"Regardless of who you are, what you believe, or where you come from, we all deserve and are promised our first amendment rights. Yes—that extends to Heather Mac Donald as well."
Before the punishment was handed down, some students (and over 900 signatories from across the country) were pushing for exoneration. They claimed, “While inflammatory speakers are framed as generating open dialogue on campus, they merely create dangerous campus environments for students of color” . This mindset, the one behind the protest, dangerously confuses disagreement and violence. Operating under this mindset would allow for any viewpoint deemed significantly controversial or “dangerous” to be censured as if debate were akin to fist fights. Dialogue has always been at the base of any great education, it facilitates learning and allows different viewpoints to engage one another––driving innovation, cooperation and understanding. CMC should not only punish the protesters who were the leaders in shutting down Heather Mac Donald, but continue to invite controversial and conservative speakers to campus. We learn when we’re told what we don’t already know; we grow when we confront what we don’t believe. The job of a college is to facilitate that learning and growth, not to be an intellectual shelter.
What happened at CMC is not an isolated event. Other colleges like Middlebury, Berkeley and Evergreen State see themselves facing similar protests and attacks on free expression . They’ve happened at CMC. They’ve happened elsewhere, and if nothing is done, they will only continue. Ultimately, by punishing those involved in shutting down Heather Mac Donald’s speech, Claremont has demonstrated its resolve to justice and doubled down on the idea that free expression on campus is beneficial to all. While the punishments were not light, they were nowhere near as severe as they could have been (expulsion or arrest via police), and by pursuing this middle line, the college demonstrated their process to be firm yet fair to those involved.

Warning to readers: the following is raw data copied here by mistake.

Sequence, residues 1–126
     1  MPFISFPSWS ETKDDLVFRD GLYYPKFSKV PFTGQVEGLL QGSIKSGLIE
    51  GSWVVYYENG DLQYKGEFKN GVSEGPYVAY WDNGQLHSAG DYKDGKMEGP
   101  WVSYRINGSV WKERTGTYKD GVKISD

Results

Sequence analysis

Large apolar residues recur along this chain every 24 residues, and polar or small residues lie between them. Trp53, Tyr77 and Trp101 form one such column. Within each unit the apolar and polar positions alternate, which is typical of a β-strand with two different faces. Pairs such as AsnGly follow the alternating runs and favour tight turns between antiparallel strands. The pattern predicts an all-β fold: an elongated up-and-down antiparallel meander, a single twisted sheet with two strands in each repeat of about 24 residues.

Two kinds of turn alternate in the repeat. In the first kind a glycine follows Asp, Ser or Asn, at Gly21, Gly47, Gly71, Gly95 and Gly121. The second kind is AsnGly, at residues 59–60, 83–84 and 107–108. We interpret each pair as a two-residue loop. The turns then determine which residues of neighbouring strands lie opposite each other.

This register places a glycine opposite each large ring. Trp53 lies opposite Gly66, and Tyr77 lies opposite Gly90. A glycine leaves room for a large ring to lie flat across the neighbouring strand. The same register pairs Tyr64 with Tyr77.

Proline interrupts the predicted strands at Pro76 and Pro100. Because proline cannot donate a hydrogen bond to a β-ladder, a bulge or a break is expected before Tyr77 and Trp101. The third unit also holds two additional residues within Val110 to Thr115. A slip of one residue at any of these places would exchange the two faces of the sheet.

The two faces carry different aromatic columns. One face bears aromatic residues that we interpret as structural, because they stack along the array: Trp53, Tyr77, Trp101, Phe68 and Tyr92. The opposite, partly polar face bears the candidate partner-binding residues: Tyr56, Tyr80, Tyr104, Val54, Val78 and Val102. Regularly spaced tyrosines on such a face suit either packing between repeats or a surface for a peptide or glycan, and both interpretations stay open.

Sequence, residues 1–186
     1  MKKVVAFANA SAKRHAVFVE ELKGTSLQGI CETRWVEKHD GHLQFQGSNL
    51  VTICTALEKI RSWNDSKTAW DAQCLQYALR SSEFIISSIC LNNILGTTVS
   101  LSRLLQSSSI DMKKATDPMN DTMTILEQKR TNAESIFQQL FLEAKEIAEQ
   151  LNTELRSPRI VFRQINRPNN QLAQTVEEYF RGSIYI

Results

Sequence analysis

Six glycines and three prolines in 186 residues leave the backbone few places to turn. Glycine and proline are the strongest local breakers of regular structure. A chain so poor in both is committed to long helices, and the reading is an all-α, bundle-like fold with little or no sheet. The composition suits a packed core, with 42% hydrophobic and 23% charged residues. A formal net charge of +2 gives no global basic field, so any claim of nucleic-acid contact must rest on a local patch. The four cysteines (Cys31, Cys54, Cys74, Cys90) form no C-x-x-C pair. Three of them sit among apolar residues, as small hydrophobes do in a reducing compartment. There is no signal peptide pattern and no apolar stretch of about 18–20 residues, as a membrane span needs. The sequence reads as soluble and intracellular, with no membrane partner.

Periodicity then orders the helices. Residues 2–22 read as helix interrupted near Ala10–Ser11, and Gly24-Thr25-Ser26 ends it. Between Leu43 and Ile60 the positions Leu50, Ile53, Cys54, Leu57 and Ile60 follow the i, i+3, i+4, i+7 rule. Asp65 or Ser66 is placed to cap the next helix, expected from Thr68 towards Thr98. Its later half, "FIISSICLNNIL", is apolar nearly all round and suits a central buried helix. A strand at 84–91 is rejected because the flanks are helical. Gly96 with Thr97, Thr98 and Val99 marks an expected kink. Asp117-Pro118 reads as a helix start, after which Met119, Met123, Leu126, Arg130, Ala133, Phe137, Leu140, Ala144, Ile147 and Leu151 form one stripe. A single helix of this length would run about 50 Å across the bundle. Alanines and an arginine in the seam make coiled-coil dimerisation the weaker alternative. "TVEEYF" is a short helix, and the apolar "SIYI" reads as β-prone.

Mr. Sweet is suggesting that Claremont McKenna should play the role of the hero and protect the ideals of higher education from those who would assail them. He makes a commendable effort, but the focus of his ire is misplaced. Punishing the protesters doesn’t amount to CMC upholding any mission of free speech or an open atmosphere. The school can hold a forum for diverse opinions while simultaneously catering to the concerns of its students. The two are not mutually exclusive. The Athenaeum has always been committed to hosting speakers who expound on a variety of different topics from a variety of different viewpoints. Many of these speakers are conservative, such as Mitt Romney, Arthur Brooks and Jason L. Riley, the latter of whom spoke on a similar topic to Heather Mac Donald. There is no war on conservatives at Claremont McKenna. Mac Donald was the first Athenaeum speaker to be protested like this, far from the first controversial speaker, and nowhere near the first conservative. The chief grievance of the protesters was that Mac Donald’s presence on campus constituted a direct threat against Black lives. Mr. Sweet says that he is committed to free expression, but there must be a line drawn somewhere. If the Athenaeum hosted a speaker whose topic for the evening was “Genocide is Good,” any sensible person would agree that it would be ludicrous for the speaker to be given a platform, no matter how persuasive their arguments were. Regardless of if this imaginary speaker had a book or data, there are basic topics that we—as decent humans—should never entertain. That is the line this dispute is about. This is a debate between those who believe that Mac Donald’s presence constituted a threat to Black lives, and those who do not believe that. Claremont McKenna can remain committed to bringing in speakers from across the political spectrum, while also having a conversation with students about where the line should be drawn, and why.
On its FAQ page about the matter, when CMC was asked “Could students have reasonably concluded that the blockades of entrances and exits of College buildings were permissible as a proper exercise of their rights to free speech and protest?” It simply responded with “No.”  Since no other explanation is provided, it must have been exceedingly clear to the protesters that they were placing their reputations at stake. Though many people think that their position on where the line should be drawn in this debate is ridiculous, this cause is clearly important to the protesters. I have clearly demonstrated that these punishments will be ineffective if they are carried out. While the punishments could have been worse, things can always be worse. A year or even a semester of suspension is much harsher than Mr. Sweet lets on, and the school’s decision will severely and perversely affect the futures of these seven students. In light of all of this, I want to ask both CMC and Mr. Sweet again, in your eyes, should standing for what you believe in beget such a severe punishment? Try to place yourself in their shoes, and think about it.
Sources and Notes
Featured image by Jenifer Hanki (staff writer).